Rehder C.W.,Duke University | David K.L.,Metropolitan Hospital Center | Hirsch B.,University of Minnesota | Toriello H.V.,Spectrum Health | And 2 more authors.
Genetics in Medicine | Year: 2013

Genomic testing, including single-nucleotide polymorphism-based microarrays and whole-genome sequencing, can detect long stretches of the genome that display homozygosity. The presence of these segments, when distributed across multiple chromosomes, can indicate a familial relationship between the proband's parents. This article describes the detection of possible consanguinity by genomic testing and the factors confounding the inference of a specific parental relationship. It is designed to guide the documentation of suspected consanguinity by clinical laboratory professionals and to alert laboratories to the need to establish a reporting policy in conjunction with their ethics review committee and legal counsel. © American College of Medical Genetics and Genomics.

Barletta J.F.,Midwestern University | Asgeirsson T.,Spectrum Health | Senagore A.J.,University of Southern California
Annals of Pharmacotherapy | Year: 2011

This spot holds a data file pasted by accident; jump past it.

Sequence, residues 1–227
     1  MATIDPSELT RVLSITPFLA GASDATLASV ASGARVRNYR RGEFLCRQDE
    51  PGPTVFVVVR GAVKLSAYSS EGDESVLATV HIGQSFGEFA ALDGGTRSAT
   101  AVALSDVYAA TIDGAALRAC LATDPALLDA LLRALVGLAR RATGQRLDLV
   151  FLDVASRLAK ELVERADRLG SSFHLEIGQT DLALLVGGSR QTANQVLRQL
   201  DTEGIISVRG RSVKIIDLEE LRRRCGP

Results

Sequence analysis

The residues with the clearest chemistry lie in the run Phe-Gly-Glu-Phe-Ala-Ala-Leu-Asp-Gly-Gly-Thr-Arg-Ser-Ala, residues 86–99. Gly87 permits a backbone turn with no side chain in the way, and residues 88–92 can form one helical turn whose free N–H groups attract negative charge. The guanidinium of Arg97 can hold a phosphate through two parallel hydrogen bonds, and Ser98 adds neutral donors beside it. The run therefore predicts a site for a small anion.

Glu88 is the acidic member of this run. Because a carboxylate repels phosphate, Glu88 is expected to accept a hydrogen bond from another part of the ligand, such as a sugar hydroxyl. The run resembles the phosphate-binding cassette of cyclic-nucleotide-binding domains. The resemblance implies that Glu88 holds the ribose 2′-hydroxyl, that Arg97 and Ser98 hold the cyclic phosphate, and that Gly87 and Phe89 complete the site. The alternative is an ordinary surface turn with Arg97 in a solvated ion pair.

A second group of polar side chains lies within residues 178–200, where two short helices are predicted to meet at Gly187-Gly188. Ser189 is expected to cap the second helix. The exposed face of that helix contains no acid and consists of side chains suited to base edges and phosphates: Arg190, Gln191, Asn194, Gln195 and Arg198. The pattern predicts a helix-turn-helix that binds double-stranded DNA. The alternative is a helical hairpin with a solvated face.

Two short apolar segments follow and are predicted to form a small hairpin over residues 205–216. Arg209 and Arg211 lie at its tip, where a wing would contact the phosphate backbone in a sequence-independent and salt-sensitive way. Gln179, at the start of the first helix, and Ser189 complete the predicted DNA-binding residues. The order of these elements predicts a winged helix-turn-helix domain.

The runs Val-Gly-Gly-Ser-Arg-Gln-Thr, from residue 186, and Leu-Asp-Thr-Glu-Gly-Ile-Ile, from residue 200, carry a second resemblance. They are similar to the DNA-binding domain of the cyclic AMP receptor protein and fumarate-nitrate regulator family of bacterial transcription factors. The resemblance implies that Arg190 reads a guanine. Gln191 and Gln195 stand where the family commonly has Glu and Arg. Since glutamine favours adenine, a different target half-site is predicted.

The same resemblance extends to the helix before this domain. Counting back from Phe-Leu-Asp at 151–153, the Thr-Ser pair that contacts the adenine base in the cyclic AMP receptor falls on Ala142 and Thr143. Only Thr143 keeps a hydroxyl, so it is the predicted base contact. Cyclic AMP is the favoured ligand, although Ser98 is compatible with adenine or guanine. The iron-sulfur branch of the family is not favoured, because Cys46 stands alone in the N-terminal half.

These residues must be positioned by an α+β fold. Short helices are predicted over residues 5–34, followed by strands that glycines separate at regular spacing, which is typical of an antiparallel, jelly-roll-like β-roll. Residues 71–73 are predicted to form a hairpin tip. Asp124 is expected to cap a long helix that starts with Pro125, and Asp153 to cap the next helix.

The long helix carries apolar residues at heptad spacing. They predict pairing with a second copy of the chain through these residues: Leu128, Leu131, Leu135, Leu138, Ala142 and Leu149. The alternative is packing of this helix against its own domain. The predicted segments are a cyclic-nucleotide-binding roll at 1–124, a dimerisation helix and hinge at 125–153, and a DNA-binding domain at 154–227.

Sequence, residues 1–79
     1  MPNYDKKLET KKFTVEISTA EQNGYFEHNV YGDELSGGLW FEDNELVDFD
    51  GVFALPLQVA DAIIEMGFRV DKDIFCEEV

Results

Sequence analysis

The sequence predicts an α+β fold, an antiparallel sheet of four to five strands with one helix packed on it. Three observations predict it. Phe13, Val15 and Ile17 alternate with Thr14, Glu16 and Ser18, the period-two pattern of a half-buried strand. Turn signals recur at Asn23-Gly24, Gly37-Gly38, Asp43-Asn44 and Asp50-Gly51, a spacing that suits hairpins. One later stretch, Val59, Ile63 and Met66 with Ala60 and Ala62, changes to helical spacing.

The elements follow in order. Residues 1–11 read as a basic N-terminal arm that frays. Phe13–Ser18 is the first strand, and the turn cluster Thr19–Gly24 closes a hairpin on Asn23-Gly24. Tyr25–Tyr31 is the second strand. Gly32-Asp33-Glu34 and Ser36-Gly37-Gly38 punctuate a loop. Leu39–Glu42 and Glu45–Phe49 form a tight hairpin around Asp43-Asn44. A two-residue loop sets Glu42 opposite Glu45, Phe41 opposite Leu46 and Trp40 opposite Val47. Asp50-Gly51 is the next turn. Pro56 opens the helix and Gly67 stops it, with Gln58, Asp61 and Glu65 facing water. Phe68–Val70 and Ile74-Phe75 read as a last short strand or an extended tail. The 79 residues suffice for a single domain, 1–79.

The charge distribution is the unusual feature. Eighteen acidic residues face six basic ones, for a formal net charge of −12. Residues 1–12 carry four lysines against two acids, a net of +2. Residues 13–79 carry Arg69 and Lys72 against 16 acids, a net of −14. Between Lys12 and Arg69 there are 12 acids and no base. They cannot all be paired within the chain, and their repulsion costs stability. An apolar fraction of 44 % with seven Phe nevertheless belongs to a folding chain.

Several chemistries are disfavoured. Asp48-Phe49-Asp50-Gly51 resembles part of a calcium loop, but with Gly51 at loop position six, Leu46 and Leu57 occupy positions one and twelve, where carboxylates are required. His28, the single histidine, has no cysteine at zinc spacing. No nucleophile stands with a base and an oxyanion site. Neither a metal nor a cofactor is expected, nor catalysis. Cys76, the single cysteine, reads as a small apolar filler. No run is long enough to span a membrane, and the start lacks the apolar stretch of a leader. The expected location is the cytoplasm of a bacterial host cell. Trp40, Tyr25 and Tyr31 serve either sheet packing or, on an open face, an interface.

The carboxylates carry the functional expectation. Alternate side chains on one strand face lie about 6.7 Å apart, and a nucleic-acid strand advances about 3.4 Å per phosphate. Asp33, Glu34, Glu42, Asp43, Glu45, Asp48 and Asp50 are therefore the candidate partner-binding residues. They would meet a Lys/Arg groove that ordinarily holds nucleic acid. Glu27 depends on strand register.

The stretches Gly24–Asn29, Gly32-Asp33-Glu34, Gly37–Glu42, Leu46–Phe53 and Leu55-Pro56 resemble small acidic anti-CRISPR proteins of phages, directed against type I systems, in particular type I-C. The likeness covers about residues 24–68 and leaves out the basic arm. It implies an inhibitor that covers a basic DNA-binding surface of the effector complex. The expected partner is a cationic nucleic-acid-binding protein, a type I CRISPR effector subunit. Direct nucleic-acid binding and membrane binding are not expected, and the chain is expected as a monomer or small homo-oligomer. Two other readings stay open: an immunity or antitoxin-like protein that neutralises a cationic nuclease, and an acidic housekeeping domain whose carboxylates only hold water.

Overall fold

BACKGROUND: Intravenous opioids represent a major component in the pathophysiology of postoperative ileus (POI). However, the most appropriate measure and threshold to quantify the association between opioid dose (eg, average daily, cumulative, maximum daily) and POI remains unknown. OBJECTIVE: To evaluate the relationship between opioid dose, POI, and length of stay (LOS) and identify the opioid measure that was most strongly associated with POI. METHODS: Consecutive patients admitted to a community teaching hospital who underwent elective colorectal surgery by any technique with an enhanced-recovery protocol postoperatively were retrospectively identified. Patients were excluded if they received epidural analgesia, developed a major intraabdominal complication or medical complication, or had a prolonged workup prior to surgery. Intravenous opioid doses were quantified and converted to hydromorphone equivalents. Classification and regression tree (CART) analysis was used to determine the dosing threshold for the opioid measure most associated with POI and define high versus low use of opioids. Risk factors for POI and prolonged LOS were determined through multivariate analysis. RESULTS: The incidence of POI in 279 patients was 8.6%. CART analysis identified a maximum daily intravenous hydromorphone dose of 2 mg or more as the opioid measure most associated with POI. Multivariate analysis revealed maximum daily hydromorphone dose of 2 mg or more (p = 0.034), open surgical technique (p = 0.045), and days of intravenous narcotic therapy (p = 0.003) as significant risk factors for POI. Variables associated with increased LOS were POI (p < 0.001), maximum daily hydromorphone dose of 2 mg or more (p < 0.001), and age (p = 0.005); laparoscopy (p < 0.001) was associated with a decreased LOS. CONCLUSIONS: Intravenous opioid therapy is significantly associated with POI and prolonged LOS, particularly when the maximum hydromorphone dose per day exceeds 2 mg. Clinicians should consider alternative, nonopioid-based pain management options when this occurs.